REVIEW: DVD Release: The Grudge

Film: The Grudge
Release date: 22nd October 2007
Certificate: 15
Running time: 92 mins
Director: Takashi Shimizu
Starring: Megumi Okina, Misaki Ito, Misa Uehara, Yui Ichikawa
Genre: Horror
Studio: E1
Format: DVD
Country: Japan

The feature-length debut of Ju-On - a vengeful and cursed spirit – which would go on to spawn remakes, sequels, and a proposed video game, whilst its premise would form the inspiration for a countless number of insipid horror rehashes.

As volunteer social worker Rika Nishina arrives at work one morning she receives, with ominous haste and little explanation, an assignment from her superior regarding a house she is required to go and investigate. Upon entering the house, she discovers it full of rubbish and completely abandoned but for an old woman, who merely lies silent on an old mattress. When Rika explores the house further she stumbles upon a ghostly pale young boy, Toshio, and is confronted by a series of unsettling sounds and shadows.

As the film progresses, we begin to discover more about the house and its dark past. The viewer learns of the previous owner’s brutal murder of his wife and child, and the consequent events which have plagued its inhabitants thereafter.

After having learned of the nature of the Ju-On spirit in the film’s short epilogue, we begin to piece together in our minds what lies behind the mystery surrounding the house, its past, and the little boy who confronts and plagues those who enter it…

One of the most prominent aspects about the way the film is shot is the startling realism which defines its character. Far from any kind of overtly supernatural or mystical quality to the film’s depiction, which we might well expect from a haunted house film of this kind, the shots are often unsettling in their asymmetry and skewed, shadow like form. This is not an aesthetically pleasing film with regard to the composition of its shots, and is consequently often difficult to watch.

The film’s narrative, however, in many ways contrasts this realism, with its elegance and non linear pattern. Characters enter and exit with unusual rapidity, and by the time the film is reaching its conclusion, we find we are following and empathising with a set of characters completely different from those with which the film began. This is not directly obvious to the viewer, however, as The Grudge moves with fluidity and effortless coherence. The result is a dissonance between the film’s narrative and the actual filmic depiction of its characters and events, which serves only to create a completely disturbing and often squeamish sense of reality.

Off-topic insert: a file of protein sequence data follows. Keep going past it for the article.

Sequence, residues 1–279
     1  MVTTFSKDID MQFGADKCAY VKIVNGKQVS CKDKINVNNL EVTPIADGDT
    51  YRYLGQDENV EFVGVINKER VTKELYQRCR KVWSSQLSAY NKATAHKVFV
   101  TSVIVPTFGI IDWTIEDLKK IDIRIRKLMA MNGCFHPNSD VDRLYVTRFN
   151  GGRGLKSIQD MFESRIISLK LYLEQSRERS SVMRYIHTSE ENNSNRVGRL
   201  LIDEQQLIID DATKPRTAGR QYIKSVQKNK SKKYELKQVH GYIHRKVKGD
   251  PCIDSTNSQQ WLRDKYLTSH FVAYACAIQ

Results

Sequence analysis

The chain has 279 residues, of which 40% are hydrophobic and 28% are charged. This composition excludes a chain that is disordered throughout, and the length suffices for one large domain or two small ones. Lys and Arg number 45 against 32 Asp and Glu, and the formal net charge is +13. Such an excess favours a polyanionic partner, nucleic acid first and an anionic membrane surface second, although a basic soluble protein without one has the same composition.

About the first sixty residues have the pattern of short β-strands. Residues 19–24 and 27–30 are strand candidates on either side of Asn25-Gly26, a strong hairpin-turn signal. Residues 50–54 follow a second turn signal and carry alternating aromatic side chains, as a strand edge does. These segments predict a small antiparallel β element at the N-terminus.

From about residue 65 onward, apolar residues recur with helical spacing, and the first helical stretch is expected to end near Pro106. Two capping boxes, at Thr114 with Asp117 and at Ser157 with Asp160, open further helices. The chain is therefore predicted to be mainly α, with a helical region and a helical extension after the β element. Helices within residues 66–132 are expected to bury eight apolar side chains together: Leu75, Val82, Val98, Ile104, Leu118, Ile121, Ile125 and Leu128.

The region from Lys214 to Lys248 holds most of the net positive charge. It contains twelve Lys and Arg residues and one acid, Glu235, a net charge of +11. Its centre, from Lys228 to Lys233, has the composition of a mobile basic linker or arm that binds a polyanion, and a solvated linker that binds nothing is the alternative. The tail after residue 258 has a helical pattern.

The ghosts which haunt both the characters and the viewer throughout are those of the creepy and emotionless kind, which are now synonymous in Europe with J-Horror. The sub genre seems to be saturated with these terrifying characters, and The Grudge is no exception. Pale white, bony creatures contort and stretch their bodies and limbs, clamber down wooden stairways, and appear without warning at the climax of pivotal scenes.

What Takashi Shimizu manages to do in this film, however, is evoke an acute sense of sympathy towards its ghosts as it draws to a conclusion. As the film progresses, police detective Nakagawa starts to unravel the complexity surrounding Rika’s testimony about the day she first entered the house, and the little boy she discovered. The audience begin to contextualise these characters within both their history and the things that were done to them, rather than the things they are now doing. At the climax of one of the film’s final scenes, a ghostly, outstretched hand manages to evoke sympathy alongside terror.

Thus, the film’s narrative, no matter how much it jumps to and from various characters and temporal spaces, has a cyclical nature to it, managing to leave the audience at once unsettled and melancholic. The house itself becomes a symbol for wasted opportunities and wasted lives, both for the victims of the present apparitions and the apparitions themselves. This isn’t a film which leaves you merely with the memory of a few cheap scares, but makes you consider the shockwaves which result when human beings do terrible things to each other, and the negative consequences for those left behind.

The film was remade in America (with the same director), of course, casting Sarah Michelle Gellar in the lead role. The introduction of an American girl working in Japan as the protagonist merely cheapened and limited the levels on which the film was able to work. In a sense, it merely served to mould the Japanese people and culture as some kind of post modern Other - an unknown country surrounding a familiar face. Often this created a one dimensional subtext, which missed out on the original’s ingenuity and intelligence. Takashi Shimizu’s original film creates a completely neutral space within which he can explore various themes to terrify and startle the viewer. Culture plays no part in it, as the story affects us only as human beings.

This is one of the best J Horror films to have reached the United Kingdom, and is quite rightly regarded as one of the most terrifying films of this century. IT


  1. This wasn't quite the debut, Shimizu made two feature-length Grudge movies before THE GRUDGE, albeit shot-on video. Called Ju-on: The Grudge 1 and 2, they are also not to be missed.

  2. forget the hollywood remake, this is the real deal. one of the best j-horror films ever